Network rsFC changes in association with other functional networks may also be important for understanding cognitive performance. For example, another functional network of regions termed the default mode network (DMN) includes posterior cingulate, precuneus, and medial prefrontal cortices (mPFC). The DMN is most active during a resting-state and is broadly associated with introspective processes such as daydreaming, self-referential thought, and recalling past experiences [37]. FPN-DMN between-network associations change throughout childhood, moving from a relative lack of correlation (or even a positive correlation) in childhood to a robust anti-correlation between these networks in adulthood [38, 39]. Increased FPN-DMN anti-correlations have been linked with heightened cognitive performance, particularly in tasks demanding complex working memory [40–42]. Disruptions to FPN-DMN anti-correlations have also been linked to various mental health conditions in development [43], such as in a sample of 7-year-olds, where lacking age-appropriate FPN-DMN anti-correlation was predictive of attention deficit symptoms four years later [44].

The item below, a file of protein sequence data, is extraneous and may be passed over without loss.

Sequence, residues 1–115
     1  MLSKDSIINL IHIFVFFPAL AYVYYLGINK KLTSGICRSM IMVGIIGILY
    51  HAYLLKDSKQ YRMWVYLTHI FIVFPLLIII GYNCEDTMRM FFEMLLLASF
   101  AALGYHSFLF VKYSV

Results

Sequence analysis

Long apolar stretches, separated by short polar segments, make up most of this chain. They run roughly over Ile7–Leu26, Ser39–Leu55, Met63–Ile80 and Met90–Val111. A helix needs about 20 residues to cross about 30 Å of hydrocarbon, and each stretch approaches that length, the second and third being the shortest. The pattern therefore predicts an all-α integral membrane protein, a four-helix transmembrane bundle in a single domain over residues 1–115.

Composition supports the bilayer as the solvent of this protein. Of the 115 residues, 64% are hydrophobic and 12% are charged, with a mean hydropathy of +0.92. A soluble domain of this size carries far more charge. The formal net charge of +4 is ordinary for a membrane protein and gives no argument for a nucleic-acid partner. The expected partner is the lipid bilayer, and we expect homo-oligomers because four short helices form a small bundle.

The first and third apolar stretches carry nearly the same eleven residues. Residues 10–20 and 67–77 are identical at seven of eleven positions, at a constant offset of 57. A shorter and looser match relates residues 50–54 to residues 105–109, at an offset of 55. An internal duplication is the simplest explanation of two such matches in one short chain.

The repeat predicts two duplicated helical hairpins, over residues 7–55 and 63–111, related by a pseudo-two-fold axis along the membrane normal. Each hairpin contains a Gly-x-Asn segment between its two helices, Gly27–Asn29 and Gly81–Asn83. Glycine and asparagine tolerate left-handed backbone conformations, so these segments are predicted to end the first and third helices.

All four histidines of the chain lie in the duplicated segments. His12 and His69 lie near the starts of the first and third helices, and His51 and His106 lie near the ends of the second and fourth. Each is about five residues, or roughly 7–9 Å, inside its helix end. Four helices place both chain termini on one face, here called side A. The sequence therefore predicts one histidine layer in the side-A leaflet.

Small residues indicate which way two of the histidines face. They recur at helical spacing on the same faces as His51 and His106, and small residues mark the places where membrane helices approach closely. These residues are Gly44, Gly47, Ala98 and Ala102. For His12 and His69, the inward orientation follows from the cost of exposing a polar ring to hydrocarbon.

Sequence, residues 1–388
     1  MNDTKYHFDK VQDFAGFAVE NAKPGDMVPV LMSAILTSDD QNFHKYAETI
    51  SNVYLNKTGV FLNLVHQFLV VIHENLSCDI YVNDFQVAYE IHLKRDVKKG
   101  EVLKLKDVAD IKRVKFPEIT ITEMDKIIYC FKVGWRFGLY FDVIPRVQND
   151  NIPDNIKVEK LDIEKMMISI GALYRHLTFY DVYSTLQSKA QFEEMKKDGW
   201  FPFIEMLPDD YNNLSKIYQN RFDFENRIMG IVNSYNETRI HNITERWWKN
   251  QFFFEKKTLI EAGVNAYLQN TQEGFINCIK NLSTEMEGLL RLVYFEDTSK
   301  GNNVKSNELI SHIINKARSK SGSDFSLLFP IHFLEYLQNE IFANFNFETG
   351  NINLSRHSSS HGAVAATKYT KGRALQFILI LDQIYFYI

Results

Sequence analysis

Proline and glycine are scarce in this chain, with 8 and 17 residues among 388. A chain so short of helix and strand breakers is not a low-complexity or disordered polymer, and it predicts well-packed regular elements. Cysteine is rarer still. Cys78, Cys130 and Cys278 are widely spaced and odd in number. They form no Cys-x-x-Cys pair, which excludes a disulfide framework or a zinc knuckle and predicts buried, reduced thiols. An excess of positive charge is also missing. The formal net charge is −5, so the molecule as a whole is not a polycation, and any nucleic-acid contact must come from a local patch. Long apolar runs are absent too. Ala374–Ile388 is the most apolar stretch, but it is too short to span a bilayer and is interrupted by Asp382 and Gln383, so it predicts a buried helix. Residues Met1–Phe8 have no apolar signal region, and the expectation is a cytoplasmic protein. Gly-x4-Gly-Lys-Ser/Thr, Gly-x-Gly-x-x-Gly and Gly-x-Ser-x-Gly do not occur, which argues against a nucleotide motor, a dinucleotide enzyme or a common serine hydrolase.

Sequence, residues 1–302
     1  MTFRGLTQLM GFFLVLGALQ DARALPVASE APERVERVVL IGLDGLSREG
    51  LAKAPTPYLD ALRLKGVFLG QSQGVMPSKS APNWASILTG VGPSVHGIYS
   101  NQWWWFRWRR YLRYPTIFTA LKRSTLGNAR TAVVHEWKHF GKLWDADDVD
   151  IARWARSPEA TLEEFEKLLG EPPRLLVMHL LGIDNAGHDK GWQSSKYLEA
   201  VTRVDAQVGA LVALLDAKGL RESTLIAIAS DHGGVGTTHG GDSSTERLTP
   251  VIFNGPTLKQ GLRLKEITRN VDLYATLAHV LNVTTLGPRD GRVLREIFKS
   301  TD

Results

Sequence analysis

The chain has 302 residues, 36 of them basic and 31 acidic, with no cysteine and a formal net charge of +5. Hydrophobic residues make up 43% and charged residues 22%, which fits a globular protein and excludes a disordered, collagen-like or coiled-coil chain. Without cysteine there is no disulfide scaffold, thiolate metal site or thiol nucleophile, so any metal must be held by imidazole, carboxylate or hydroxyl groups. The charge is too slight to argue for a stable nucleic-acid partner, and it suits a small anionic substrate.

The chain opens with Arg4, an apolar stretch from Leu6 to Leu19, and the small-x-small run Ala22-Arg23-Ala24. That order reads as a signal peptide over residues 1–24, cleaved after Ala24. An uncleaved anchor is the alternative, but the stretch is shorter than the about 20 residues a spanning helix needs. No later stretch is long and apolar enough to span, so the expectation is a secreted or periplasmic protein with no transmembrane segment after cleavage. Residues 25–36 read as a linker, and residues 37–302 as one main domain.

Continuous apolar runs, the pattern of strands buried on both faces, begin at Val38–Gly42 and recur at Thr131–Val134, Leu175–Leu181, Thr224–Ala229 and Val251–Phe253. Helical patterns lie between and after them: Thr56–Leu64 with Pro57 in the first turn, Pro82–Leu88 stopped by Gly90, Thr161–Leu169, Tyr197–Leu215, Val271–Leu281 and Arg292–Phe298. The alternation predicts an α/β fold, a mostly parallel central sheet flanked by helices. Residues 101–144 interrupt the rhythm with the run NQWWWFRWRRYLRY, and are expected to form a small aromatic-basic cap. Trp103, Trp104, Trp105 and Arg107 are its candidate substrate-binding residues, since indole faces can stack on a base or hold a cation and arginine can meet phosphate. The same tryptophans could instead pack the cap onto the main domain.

Critically, FPN-DMN rsFC anti-correlations can be beneficially modulated through behavioral interventions. For example, Bauer et al. [45] studied mindfulness training in 10-11-year-olds. They found FPN-DMN anticorrelations were maintained for those who practiced mindfulness over an 8-week intervention but were reduced for those assigned to a coding-training control group. Further, FPN-DMN rsFC change in that sample was related to an attentional control task, such that increased anti-correlation was related to increased cognitive performance. These findings supported the hypothesis that mindfulness training can promote healthy network rsFC and cognition in youth. Prior reviews on neural plasticity have noted similarities between meditation and physical activity [46]. Like exercise, the neurobiological mechanisms of mediation are less widely studied than cognitive effects, where a reoccurring practice of meditation is known to benefit to cognitive control [47]. Moreover, even a single session of meditation has been shown to acutely benefit task performance [48]. It is therefore possible that meditation-like FPN-DMN anti-correlations could be observed following acute exercise in youth.